Grunge emerged from the Pacific Northwest as a loud, distorted marriage of punk rock and heavy metal. It reflected the socio-economic realities of life in that corner of the country - joblessness, broken homes, gray weather - offering noisy catharsis for a generation of post-baby-boomers who felt trapped in their lives. Grunge dominated rock during much of the Nineties, thanks to the overwhelming success of such Seattle-bred bands as Nirvana, Pearl Jam, Alice in Chains and Soundgarden.
The origins of the Seattle scene date back to the appearance of Subterranean Pop and the Seattle Rocket - music papers that covered the underground scene in Seattle and beyond. Seattle cultivated a vibrant local music scene in the mid-1980s that was nurtured in the block-party atmosphere of Pioneer Square. Such clubs as the Central Tavern, the Vogue and the Rainbow served to develop a new breed of band that borrowed from hardcore, heavy metal, glam-rock and, most importantly, art-noise bands such as Big Black, Scratch Acid and Sonic Youth. Early bands on the scene included Malfunkshen, Young Fresh Fellows and Green River. Sub Pop, a Seattle-based independent label, began recording the city's best bands using a decidedly anti-corporate strategy. The label initially marketed its artists through singles and EPs, using blurry black-and-white photographs to suggest grunge's subterranean demimonde.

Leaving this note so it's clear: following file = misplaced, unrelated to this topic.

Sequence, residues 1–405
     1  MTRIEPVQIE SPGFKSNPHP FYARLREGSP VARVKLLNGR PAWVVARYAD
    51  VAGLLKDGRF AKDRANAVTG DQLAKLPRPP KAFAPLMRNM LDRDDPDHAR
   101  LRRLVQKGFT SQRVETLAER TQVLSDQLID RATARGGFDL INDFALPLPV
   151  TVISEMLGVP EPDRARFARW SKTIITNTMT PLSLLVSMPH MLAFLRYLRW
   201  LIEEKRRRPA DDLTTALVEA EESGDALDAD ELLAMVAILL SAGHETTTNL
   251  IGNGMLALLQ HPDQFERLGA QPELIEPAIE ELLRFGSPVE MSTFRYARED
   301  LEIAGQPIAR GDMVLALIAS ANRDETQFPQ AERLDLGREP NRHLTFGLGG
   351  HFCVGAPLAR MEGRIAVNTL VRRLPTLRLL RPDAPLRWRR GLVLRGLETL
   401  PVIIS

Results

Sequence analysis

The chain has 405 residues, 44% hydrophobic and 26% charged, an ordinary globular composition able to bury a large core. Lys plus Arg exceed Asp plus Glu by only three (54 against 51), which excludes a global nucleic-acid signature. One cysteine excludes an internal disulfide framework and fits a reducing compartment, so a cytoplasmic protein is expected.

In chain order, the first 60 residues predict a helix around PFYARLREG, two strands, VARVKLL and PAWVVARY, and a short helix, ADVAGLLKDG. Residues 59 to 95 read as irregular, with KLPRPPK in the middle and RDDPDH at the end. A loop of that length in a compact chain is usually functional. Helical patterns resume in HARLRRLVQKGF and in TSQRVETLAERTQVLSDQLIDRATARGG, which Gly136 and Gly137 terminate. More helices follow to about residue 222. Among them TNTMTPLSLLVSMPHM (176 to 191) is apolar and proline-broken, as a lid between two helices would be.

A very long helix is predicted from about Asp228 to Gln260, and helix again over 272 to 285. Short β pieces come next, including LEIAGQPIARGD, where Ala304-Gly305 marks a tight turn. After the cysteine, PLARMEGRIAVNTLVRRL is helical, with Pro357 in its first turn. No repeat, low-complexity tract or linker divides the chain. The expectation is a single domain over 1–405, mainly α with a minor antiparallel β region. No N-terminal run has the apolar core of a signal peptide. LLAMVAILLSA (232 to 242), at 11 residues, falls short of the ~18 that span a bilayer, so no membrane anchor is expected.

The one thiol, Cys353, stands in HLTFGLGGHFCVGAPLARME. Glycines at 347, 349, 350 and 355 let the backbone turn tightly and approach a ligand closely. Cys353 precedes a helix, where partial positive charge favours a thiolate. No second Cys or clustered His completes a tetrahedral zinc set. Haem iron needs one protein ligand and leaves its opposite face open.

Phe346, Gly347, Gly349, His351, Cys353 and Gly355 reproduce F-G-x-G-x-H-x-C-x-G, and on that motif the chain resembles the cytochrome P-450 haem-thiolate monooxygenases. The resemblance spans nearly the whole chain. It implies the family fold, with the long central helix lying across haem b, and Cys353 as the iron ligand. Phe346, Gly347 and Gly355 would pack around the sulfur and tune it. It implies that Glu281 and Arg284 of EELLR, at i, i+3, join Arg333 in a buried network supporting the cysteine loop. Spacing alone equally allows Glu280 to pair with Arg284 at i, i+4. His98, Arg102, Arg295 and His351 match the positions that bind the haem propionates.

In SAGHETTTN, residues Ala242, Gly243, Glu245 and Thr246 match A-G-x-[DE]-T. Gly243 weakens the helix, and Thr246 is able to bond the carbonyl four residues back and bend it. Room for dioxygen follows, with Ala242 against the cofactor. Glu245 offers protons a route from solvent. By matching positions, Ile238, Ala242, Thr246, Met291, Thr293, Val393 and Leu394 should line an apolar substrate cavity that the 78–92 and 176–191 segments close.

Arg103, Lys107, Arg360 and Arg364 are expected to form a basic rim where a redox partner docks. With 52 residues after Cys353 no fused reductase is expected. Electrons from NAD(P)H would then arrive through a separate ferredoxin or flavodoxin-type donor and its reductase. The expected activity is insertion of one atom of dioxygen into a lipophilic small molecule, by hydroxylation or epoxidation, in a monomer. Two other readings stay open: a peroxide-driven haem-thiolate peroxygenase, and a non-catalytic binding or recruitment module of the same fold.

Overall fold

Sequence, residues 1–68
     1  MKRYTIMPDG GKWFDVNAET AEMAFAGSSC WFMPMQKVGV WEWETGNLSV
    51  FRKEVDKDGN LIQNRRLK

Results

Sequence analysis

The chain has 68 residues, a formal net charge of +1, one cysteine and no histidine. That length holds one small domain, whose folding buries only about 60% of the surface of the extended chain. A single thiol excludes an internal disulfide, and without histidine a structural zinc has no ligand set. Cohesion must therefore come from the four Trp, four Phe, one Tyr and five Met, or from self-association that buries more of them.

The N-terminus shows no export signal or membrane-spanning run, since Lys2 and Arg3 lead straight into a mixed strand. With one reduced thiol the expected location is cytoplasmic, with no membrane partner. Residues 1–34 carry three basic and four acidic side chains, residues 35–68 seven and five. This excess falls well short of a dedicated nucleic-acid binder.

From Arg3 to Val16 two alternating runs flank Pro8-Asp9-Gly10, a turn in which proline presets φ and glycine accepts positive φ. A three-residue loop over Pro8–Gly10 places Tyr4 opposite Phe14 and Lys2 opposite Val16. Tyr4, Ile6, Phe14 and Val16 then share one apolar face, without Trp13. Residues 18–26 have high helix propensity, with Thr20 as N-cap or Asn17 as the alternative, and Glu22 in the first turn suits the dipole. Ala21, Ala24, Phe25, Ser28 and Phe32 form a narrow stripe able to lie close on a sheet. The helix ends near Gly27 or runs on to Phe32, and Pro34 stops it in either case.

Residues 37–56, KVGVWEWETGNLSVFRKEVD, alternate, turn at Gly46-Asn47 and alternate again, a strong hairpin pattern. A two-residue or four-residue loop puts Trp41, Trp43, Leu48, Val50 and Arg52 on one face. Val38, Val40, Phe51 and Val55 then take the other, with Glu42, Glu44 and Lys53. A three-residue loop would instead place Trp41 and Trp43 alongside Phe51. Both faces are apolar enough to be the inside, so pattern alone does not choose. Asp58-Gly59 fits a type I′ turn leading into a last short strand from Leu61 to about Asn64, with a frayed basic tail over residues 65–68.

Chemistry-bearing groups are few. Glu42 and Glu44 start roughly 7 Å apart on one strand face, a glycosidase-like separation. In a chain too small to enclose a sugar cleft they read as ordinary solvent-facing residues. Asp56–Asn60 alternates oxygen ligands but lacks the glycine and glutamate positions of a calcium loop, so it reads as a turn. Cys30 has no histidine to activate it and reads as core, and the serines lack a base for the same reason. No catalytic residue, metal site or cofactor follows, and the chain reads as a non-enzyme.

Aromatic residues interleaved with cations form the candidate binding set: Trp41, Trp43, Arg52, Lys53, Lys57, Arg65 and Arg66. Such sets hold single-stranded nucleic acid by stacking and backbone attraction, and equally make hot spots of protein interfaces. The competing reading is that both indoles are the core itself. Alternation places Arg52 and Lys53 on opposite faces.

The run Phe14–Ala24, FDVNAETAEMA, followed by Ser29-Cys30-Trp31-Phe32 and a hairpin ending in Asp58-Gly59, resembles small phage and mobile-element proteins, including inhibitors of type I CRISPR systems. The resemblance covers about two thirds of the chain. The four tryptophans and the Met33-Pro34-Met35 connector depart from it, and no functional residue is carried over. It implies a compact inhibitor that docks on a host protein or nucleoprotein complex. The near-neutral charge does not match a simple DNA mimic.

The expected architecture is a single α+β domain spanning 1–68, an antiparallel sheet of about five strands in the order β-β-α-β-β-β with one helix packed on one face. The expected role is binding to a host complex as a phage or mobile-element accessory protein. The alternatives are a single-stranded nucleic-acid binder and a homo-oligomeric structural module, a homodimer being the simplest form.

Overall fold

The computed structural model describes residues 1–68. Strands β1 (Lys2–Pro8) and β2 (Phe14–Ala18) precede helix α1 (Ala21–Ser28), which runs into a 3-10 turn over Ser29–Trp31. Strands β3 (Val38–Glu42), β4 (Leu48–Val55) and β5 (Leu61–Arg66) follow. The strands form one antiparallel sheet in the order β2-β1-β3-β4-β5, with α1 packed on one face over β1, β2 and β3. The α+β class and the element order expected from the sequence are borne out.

The term grunge evolved through word of mouth. As Nils Bernstein, of Sub Pop, recalls, "People here used the word tongue in cheek: 'It's kind of like dirty, scuzzy, grungy music.' 'What do you call it?' 'Oh, I don't know...grunge!'" Soundgarden and Mother Love Bone were the first of Seattle's alternative bands to sign with major record companies. In September 1991, the cornerstone albums of the Seattle scene - Pearl Jam's Ten and Nirvana's Nevermind - were released. Seattle thereupon became a full-blown rock and roll capital. Nirvana leader Kurt Cobain's shocking suicide in 1994 sent a sobering note to the rest of the world, and by the end of the decade Seattle's prominence in the music world had begun to dim.